Lula, who had been in prison for corruption (2018-2019) before seeing his convictions overturned by the courts, will officially return to the top of the Brazilian state on January 1 , 2023. His success seems to confirm the return to power of the left in Latin America.
In Europe, on the other hand, the ultra-conservatives are reaping resounding successes in the legislative elections in several countries, starting in April with the fourth victory in a row for the party of Hungarian nationalist leader Viktor Orban.
In France, Marine Le Pen’s Rassemblement National (extreme right) made a historic breakthrough in June, becoming the leading opposition party in the National Assembly, where Head of State Emmanuel Macron lost an absolute majority.
The nationalist and anti-immigration party, the Democrats of Sweden (SD) is the big winner of the September elections, becoming the second political force in the country.
In Italy, Giorgia Meloni won a historic victory in September with her post-fascist party Fratelli d’Italia, and was named head of government in October.
Hope for peace in Ethiopia
Special forces officers from the Amhara region in Lalibela, in January 2022
After two years of conflict, the Ethiopian federal government and the rebel authorities of the Tigray region (north) signed on November 2 in Pretoria an agreement of “cessation of hostilities”, supposed to put an end to a war described by NGOs like the “one of the deadliest in the world”. After a five-month truce, fighting resumed at the end of August.
The conflict between Ethiopia, supported in particular by forces from neighboring Eritrea, and the rebel authorities in Tigray since November 2020 has been marked by possible crimes against humanity committed by “all parties” according to the UN. It displaced more than two million Ethiopians.
In addition to disarming the rebels, the peace agreement must in particular allow the delivery of humanitarian aid to Tigray, almost cut off from the world and whose six million inhabitants have been deprived of food and medicine for more than a year. The first aid convoy since late August arrives on 16 November.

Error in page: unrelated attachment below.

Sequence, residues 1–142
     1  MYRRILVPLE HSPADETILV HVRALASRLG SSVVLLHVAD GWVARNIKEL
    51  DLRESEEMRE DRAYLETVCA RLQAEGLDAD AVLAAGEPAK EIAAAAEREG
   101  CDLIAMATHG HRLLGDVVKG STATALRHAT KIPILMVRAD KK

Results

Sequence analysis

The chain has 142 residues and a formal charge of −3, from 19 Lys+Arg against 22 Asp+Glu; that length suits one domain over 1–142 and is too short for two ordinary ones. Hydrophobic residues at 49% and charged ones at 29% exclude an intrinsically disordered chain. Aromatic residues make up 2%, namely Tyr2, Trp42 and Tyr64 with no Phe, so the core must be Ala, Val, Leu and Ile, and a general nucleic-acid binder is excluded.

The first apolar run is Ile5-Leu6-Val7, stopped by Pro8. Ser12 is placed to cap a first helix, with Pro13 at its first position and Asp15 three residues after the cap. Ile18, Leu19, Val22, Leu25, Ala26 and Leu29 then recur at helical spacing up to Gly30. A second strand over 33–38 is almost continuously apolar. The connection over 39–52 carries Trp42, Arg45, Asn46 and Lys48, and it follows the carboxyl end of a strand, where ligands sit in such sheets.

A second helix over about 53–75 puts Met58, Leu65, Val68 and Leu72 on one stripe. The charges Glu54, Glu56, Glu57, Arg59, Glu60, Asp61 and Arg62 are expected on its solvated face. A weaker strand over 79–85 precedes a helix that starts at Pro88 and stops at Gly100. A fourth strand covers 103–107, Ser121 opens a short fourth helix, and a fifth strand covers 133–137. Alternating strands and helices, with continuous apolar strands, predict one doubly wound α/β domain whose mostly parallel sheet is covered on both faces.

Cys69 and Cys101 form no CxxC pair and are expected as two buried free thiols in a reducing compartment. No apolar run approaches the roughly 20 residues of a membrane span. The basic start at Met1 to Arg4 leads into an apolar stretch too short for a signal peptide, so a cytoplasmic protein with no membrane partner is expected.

Qatar slammed as FIFA World Cup host
FIFA President Gianni Infantino in November 2022
The organization of the 2022 World Cup in Qatar – from November 20 to December 18 – is causing a deluge of criticism of the small Gulf state.
The first Arab country to organize the event is questioned about the treatment of foreign workers, LGBTQ + people and women, or the air conditioning of its stadiums at the time of global warming.
The fate of migrant workers – essential cogs in a country where Qataris represent only 10% of a population of three million inhabitants – is singled out. Some media put forward the figure of thousands of deaths on the construction sites, a report that Doha denies, even brandishing the threat of legal proceedings in the face of criticism from Western Europe.
Following the threat of sporting sanctions by FIFA, the governing body of world soccer, no selection has its captain wear the anti-homophobia armband “One Love” when the tournament begins. The critics express themselves through a few symbolic gestures (gag mimed by the German players, European ministers wearing the rainbow armband in the stands), while the competition is in full swing.